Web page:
What was the most surprising or unexpected thing you learned or experienced as part of the fellowship?
To this day, I still hear Lina Khalifeh’s words during the session on Bold Ideas, Bold Action, “If the dream did not leave you, it means you are not done yet”. This was one of the most meaningful things I heard while participating in the VV Visionaries program.
For years, I have been toying with a solution to address the lack of an easily accessible tool to address mental health. It has often felt too big of an issue, and I felt unqualified to solve it. Nonetheless, my passion for it has prevailed, and my curiosity to find a solution never wavered. Khalifeh’s statement felt like catharsis: all my doubts found reassurance by leaning into a deeper meaning to my tireless search, and I found my purpose. Since then, my project has been unveiled before me in stages. When I am ready for the next step, it appears, almost like a dream. It has taken me years to trust the process, but participating in the VV Visionaries program has made it clear that I needed to take that leap of faith.
What’s next for you after the fellowship?
The support of this community has been vital in accelerating my social impact work and advancing my leadership journey. Currently, I am building Burnt, a social enterprise centered on addressing mental health and eating disorders by utilizing tools in the kitchen to flip tough conversations and whip up better self-care habits. In collaboration with food scientists and doctors, Burnt will incorporate Dialectical Behavior Therapy and mindfulness into a wellness-focused baking experience.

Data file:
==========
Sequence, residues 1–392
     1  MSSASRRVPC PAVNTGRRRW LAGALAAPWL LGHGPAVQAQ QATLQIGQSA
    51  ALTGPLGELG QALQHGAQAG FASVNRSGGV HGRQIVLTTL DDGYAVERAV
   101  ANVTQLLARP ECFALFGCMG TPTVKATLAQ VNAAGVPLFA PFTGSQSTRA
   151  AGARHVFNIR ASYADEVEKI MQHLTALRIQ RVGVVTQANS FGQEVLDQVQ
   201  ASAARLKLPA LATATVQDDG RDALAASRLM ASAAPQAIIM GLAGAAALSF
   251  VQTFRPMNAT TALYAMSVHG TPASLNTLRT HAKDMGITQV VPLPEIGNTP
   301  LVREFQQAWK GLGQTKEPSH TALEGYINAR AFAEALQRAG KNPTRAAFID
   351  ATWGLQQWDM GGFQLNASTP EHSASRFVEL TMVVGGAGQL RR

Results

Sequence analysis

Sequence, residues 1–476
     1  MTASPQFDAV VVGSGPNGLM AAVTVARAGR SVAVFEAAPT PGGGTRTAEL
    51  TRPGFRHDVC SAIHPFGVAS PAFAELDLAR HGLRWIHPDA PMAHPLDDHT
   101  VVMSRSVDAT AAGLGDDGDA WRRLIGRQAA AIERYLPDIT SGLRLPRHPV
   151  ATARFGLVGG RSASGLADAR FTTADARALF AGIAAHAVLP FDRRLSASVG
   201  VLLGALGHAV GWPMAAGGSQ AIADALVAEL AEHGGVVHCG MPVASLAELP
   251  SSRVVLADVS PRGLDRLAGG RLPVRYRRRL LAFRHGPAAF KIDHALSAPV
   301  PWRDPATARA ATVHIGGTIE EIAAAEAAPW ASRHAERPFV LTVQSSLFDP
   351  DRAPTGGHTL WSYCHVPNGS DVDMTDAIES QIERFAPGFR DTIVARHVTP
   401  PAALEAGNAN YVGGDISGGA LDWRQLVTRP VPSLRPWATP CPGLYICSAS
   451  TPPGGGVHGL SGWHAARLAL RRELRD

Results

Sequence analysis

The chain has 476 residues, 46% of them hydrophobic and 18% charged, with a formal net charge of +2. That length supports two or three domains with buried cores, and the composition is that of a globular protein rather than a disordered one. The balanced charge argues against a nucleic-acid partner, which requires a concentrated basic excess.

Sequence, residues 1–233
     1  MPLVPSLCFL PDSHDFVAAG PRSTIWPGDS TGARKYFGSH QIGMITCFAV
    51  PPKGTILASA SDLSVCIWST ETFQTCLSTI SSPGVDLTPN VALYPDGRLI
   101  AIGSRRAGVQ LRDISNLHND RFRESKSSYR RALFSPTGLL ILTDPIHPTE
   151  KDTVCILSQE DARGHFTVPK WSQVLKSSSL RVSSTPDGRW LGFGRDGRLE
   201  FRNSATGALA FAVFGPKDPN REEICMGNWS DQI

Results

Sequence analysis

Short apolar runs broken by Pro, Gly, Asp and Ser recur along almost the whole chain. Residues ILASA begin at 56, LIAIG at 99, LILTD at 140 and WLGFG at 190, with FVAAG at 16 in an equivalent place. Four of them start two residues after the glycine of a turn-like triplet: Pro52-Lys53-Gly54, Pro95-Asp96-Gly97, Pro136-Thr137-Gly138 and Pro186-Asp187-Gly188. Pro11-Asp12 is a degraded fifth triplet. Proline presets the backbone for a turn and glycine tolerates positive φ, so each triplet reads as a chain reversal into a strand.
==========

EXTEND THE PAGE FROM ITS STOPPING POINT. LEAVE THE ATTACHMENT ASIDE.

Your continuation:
How has your cultural background influenced your relationship to beauty?
My identity as a young bilingual Puerto Rican woman, now living stateside, has equipped me with a nuanced cultural understanding. My interpretation of beauty is grounded in the same way my identity straddles Puerto Rico and the U.S.: beauty is meant to be shared; this enables others to do the same. Confidence is at the center of true beauty. As it grows within, it glows to those around you.
Given all of your incredible work with the Girl Scouts and young girls, what is one thing you’d want them to know about the definitions of beauty and leadership?
I have a lot to say about beauty and I have a lot to say about leadership! As girls, we navigate these spaces constantly. While I was at Barnard College, it became clearer how women's perception of both ideals is shaped by a male standard. Pushing against this narrative is what leadership and beauty mean to me. It is a continuous process of unlearning and challenging the belief of a right and wrong way to be you. The more I challenge these identities, the more I can develop myself outside of the stereotypes surrounding them.
How do you plan to pay your experience forward for other woman leaders?
I know how important it is to hear from others with similar backgrounds facing these challenges. As a young Puerto Rican woman, I want to help others feel less alone and engage women of color in conversations we may not be having. Sharing my experience with other women has always been a rewarding experience as it enables me to be vulnerable. This level of vulnerability is necessary to move the needle and make a change.
Discover more about the Estée Lauder Emerging Leaders Fund.